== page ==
For You Blue

Let It Be album artworkWritten by: Harrison
Recorded: 25 January 1969; 8 January 1970
Producer: George Martin
Engineer: Glyn Johns

Released: 8 May 1970 (UK), 18 May 1970 (US)

George Harrison: vocals, acoustic guitar
John Lennon: lap steel guitar
Paul McCartney: piano
Ringo Starr: drums

Available on:
Let It Be
Anthology 3
Let It Be... Naked

Written by George Harrison for his wife Pattie, For You Blue was a straightforward blues song recorded during the Let It Be sessions.

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It's a simple 12-bar song following all the normal 12-bar principles, except that it's happy-go-lucky!
George Harrison

For You Blue was recorded in six takes on 25 January 1969, with the working title George's Blues (Because You're Sweet And Lonely). The last of these was selected for inclusion on the unreleased Get Back album and on Let It Be.

John Lennon played a lap steel guitar on the song; unusually, he used a shotgun shell as a slide. During his solo, Harrison encouraged Lennon with the words "Go, Johnny, go" and "Elmore James' got nothing on this baby!"

There is no bass guitar on For You Blue, as McCartney was playing piano. He treated the strings to change the sound of the instrument.

It's a fuzzy, metallic sound, which he did by putting a piece of paper in the piano strings, causing them to vibrate against the paper when struck. You can hear on the session tape Paul's fiddling around, trying to get the right sound.
Paul Hicks, Abbey Road Studios
Mix Online

For You Blue was remixed by Glyn Johns on 8 January 1970. Prior to this, George Harrison re-recorded his lead vocals.

A new mix of take six was made in 2003 for Let It Be... Naked. An alternative take from the 25 January 1969 session was included on Anthology 3.

On 30 March 1970 Phil Spector made a 16-second loop using the song's instrumental break, onto which he overlaid snippets of speech from the Let It Be film soundtrack. It was never used.

Several mixes were made in this fashion, utilising such cinéma vérité moments from the rooftop performance element of the film as the old woman's "I just can't see that it makes sense!", the young girl's "Yeah, I think it's great... livens up the office hours, anyway", the bowler-hatted vicar's "Nice to have something for free in this country at the moment, isn't it?", the taxi driver's "Is it their new record? Oh, great, I'm all in favour of it!" and the pompous businessman's "This type of music is all right in its place, it's quite enjoyable. But I think it's a bit of an imposition to absolutely disrupt all the business in this area..."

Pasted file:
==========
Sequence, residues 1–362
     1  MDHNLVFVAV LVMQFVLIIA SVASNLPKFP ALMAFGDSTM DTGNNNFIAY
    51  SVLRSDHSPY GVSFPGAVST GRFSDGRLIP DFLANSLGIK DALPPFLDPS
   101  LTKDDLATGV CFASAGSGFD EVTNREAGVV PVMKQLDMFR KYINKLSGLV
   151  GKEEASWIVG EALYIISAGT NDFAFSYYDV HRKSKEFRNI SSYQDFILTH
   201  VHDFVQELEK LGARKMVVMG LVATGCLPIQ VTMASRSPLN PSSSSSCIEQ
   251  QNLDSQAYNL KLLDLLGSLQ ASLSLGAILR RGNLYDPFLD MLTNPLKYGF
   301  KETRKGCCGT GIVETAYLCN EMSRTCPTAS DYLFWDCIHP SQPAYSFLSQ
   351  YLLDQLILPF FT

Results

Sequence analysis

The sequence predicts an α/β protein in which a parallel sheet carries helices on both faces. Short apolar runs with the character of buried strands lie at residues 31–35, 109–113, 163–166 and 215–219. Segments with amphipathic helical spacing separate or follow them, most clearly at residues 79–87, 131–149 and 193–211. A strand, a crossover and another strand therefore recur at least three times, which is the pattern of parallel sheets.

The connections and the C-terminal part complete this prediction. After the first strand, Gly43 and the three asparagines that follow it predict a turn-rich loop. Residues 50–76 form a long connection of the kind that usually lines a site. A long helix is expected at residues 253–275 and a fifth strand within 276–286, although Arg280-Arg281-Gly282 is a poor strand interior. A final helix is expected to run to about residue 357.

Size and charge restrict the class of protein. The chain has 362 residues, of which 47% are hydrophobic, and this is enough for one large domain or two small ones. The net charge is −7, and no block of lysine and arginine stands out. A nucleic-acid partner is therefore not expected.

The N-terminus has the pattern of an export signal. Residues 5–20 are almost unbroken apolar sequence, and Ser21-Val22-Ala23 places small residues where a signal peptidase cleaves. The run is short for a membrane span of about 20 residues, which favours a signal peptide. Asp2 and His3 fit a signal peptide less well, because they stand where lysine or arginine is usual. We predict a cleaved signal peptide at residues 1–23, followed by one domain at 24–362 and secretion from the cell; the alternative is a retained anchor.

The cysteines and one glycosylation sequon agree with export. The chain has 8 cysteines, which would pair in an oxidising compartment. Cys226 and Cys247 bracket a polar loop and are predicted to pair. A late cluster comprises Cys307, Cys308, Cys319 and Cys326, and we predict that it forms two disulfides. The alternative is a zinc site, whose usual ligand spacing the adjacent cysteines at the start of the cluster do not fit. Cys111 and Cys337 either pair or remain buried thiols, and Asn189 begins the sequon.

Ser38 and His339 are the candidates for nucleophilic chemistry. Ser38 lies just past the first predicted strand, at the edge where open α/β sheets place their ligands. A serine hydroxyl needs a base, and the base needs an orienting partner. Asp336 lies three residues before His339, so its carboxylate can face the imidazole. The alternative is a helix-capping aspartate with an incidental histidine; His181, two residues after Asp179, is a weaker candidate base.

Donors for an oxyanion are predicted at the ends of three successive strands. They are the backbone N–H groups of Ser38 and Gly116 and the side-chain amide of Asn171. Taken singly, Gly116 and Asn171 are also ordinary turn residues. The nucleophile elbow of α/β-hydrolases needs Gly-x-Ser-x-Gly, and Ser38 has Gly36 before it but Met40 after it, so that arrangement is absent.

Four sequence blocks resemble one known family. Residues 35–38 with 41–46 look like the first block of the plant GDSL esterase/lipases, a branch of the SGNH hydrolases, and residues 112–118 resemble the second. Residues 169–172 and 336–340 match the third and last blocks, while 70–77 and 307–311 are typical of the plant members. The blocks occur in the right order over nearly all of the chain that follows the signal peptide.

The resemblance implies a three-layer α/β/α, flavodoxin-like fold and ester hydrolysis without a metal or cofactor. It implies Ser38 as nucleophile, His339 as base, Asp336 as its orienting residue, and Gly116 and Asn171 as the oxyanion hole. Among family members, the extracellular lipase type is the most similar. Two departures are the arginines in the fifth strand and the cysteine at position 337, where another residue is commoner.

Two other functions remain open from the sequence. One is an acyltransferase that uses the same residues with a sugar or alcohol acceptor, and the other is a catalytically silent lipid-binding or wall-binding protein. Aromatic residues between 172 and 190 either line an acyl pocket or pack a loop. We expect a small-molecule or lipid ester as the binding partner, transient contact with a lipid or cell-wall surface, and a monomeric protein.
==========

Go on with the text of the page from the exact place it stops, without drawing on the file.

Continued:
The Complete Beatles Recording Sessions, Mark Lewisohn

In the end Spector used just one piece of dialogue from the Twickenham film sessions. Heard immediately prior to For You Blue on Let It Be, it was Lennon's "Queen says no to pot-smoking FBI members."

For You Blue was the b-side to the US single The Long And Winding Road, released on 11 May 1970.

34 responses on “For You Blue

  1. GARY A. LEE

    The words “pot smoking” were removed on the remastered “For You Blue.” John now reads the newspaper headline as “Queen says no to FBI memberd.”

    1. Joe Post author

      Not on my copy he doesn’t – the word ‘pot’ is clearly in there. I don’t think the Abbey Road remastering engineers would have taken such a liberty with the recording.

      1. Joseph Brush

        I don’t know why so many people say George didn’t do a lot of songs with the Beatles.
        If my addition is correct George recorded 22 songs with the Beatles (original UK pressings plus the Past Masters 2).